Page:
The Cat Lady takes you on a descent into the darkest pits of life and death. Will you survive the trip, or lose your mind along the way?
The Cat Lady is just an adventure game in the same way that HP Lovecraft and Edgar Allen Poe stories are just short stories – calling them that feels like an understatement. Screen 7′s bizarre adventure is much more than a 2D point-and-click. It’s an experience that will send chills down your spine and keep you up at night fending off nightmares and thoughts of your own mortality.
It’s a deeply disturbing game that follows the life and deaths (yes, deaths) of “Cat Lady”, Susan Ashworth. As soon as the game introduces her, Susan unceremoniously swallows a few handfuls of sleeping pills, says goodbye to her cats, and dies. But instead of moving on to the great beyond, Susan finds herself somewhere between the world of the living and the dead, and meets the woman who will give her a second chance, whether she wants it or not.
Susan’s savior informs her that she has plans for her, and death is not one of them. Instead, Susan is sent back to life with a new purpose: find and eliminate five beings known as the “parasites”, which feed off and harm others. Along the way, Susan is meant to rediscover everything that made life so unbearable for her in the first place – but also find the one thing that makes life worth living. Thus begins your journey through a dark and disjointed world.
Before you get a taste of the story, the game’s visuals and sounds beautifully set up the strange world that you’re meant to explore. The music throws together a piano and occasional vocals that complement the game’s dark tone, while the art style is mostly a harsh black and white with splashes of colour thrown in for emphasis. It’s a hodge-podge of realistic images that look like altered photographs and sketchwork. The result feels like you’re playing through a collage of details layered on top of another.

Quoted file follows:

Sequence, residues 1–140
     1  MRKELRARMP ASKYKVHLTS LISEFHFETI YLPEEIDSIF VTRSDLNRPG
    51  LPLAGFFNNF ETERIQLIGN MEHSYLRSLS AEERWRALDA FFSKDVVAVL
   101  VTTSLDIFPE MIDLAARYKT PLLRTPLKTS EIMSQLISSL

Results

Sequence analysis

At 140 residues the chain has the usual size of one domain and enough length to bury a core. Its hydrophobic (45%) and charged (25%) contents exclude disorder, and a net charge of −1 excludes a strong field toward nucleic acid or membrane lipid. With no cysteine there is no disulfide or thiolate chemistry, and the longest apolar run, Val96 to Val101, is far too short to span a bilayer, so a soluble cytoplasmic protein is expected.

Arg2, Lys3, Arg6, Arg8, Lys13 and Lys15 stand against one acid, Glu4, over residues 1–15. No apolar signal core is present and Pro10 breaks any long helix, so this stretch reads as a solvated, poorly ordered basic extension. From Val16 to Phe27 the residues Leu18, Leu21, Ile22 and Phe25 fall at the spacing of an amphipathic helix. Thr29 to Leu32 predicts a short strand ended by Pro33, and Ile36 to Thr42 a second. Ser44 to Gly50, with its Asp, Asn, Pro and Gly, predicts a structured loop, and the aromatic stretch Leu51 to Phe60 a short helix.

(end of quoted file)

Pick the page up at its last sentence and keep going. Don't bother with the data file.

Down the rabbit hole
Details are also stacked on top of each other to weave together the tale of the Cat Lady and what led up to her desperate attempt to end it all. Susan’s life following her suicide attempt is a chaotic mess of hallucinations and deaths. Thanks to her savior, Susan appears immortal, but she never fully leaves the world of the dead either. The result is a disturbing and often gory mess of a life that makes you question her sanity – and yours.
You might enter a room that was normal a minute ago, for instance, only to find it covered in skulls and blood. Or leave your apartment in the middle of the city and find yourself on an abandoned ship dock instead. You never know what to expect, or whether what you’re seeing is real or not, and the effect is extremely unsettling.
The Cat Lady is more than just an interactive novel, though, and it throws plenty of challenges in your way. These never feel like obstacles for the sake of stalling the game, though. They’re well implemented and usually make perfect sense, even when the world itself doesn’t. In fact, some might consider them too easy. But the game also includes plenty of variety to keep you on your toes. For example, one section takes its cue from Eternal Darkness and tasks you with keeping a sanity meter in check.
In fact, The Cat Lady is a game that will test your sanity throughout. I don’t want to give away any of the story, but it’s a game that gets under your skin and into your mind. It expertly weaves together a story that explores deep topics, and does it well. Depression, suicide, terminal illness, and even threat of rape are among the heavy themes the game takes on. And it’s not afraid to delve into these topics with a bold determination and an affinity for violence. It reminds you that the world is full of monsters and making them go away is never as easy as simply closing your eyes.
The Cat Lady by Screen 7 and Harvester Games is out now for PC.